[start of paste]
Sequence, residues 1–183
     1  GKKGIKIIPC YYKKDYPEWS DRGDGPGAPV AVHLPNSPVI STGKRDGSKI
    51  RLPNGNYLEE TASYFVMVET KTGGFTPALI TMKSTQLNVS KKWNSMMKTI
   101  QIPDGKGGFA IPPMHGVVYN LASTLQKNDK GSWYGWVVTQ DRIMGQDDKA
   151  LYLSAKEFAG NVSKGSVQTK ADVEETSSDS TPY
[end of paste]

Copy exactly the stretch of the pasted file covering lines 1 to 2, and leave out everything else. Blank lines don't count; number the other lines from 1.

Sequence, residues 1–183
     1  GKKGIKIIPC YYKKDYPEWS DRGDGPGAPV AVHLPNSPVI STGKRDGSKI